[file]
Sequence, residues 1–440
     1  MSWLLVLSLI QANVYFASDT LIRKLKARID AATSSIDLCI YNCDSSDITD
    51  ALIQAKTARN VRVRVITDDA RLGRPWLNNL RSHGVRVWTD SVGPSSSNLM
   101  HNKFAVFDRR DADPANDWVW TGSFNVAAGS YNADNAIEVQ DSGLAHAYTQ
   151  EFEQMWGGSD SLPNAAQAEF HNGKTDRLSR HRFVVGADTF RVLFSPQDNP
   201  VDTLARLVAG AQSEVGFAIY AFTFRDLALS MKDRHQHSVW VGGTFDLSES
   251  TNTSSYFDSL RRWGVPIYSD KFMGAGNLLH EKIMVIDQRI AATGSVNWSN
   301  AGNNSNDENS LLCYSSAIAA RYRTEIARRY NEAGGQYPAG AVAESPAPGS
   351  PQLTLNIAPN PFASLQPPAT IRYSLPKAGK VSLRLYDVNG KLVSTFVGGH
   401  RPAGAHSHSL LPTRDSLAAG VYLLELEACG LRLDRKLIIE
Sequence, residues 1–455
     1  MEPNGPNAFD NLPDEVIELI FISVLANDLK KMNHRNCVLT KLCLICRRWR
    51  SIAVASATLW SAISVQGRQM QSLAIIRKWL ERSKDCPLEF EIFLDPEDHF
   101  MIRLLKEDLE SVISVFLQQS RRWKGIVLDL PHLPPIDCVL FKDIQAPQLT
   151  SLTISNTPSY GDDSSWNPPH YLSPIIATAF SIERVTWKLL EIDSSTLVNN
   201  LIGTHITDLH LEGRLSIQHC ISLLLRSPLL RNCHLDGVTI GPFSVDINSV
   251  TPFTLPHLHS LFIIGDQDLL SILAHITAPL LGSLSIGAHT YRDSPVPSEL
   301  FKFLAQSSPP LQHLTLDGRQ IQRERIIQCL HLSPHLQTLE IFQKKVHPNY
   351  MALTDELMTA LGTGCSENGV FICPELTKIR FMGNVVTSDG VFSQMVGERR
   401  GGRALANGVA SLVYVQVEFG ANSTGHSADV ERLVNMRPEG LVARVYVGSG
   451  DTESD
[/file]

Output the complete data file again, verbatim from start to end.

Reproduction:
Sequence, residues 1–440
     1  MSWLLVLSLI QANVYFASDT LIRKLKARID AATSSIDLCI YNCDSSDITD
    51  ALIQAKTARN VRVRVITDDA RLGRPWLNNL RSHGVRVWTD SVGPSSSNLM
   101  HNKFAVFDRR DADPANDWVW TGSFNVAAGS YNADNAIEVQ DSGLAHAYTQ
   151  EFEQMWGGSD SLPNAAQAEF HNGKTDRLSR HRFVVGADTF RVLFSPQDNP
   201  VDTLARLVAG AQSEVGFAIY AFTFRDLALS MKDRHQHSVW VGGTFDLSES
   251  TNTSSYFDSL RRWGVPIYSD KFMGAGNLLH EKIMVIDQRI AATGSVNWSN
   301  AGNNSNDENS LLCYSSAIAA RYRTEIARRY NEAGGQYPAG AVAESPAPGS
   351  PQLTLNIAPN PFASLQPPAT IRYSLPKAGK VSLRLYDVNG KLVSTFVGGH
   401  RPAGAHSHSL LPTRDSLAAG VYLLELEACG LRLDRKLIIE
Sequence, residues 1–455
     1  MEPNGPNAFD NLPDEVIELI FISVLANDLK KMNHRNCVLT KLCLICRRWR
    51  SIAVASATLW SAISVQGRQM QSLAIIRKWL ERSKDCPLEF EIFLDPEDHF
   101  MIRLLKEDLE SVISVFLQQS RRWKGIVLDL PHLPPIDCVL FKDIQAPQLT
   151  SLTISNTPSY GDDSSWNPPH YLSPIIATAF SIERVTWKLL EIDSSTLVNN
   201  LIGTHITDLH LEGRLSIQHC ISLLLRSPLL RNCHLDGVTI GPFSVDINSV
   251  TPFTLPHLHS LFIIGDQDLL SILAHITAPL LGSLSIGAHT YRDSPVPSEL
   301  FKFLAQSSPP LQHLTLDGRQ IQRERIIQCL HLSPHLQTLE IFQKKVHPNY
   351  MALTDELMTA LGTGCSENGV FICPELTKIR FMGNVVTSDG VFSQMVGERR
   401  GGRALANGVA SLVYVQVEFG ANSTGHSADV ERLVNMRPEG LVARVYVGSG
   451  DTESD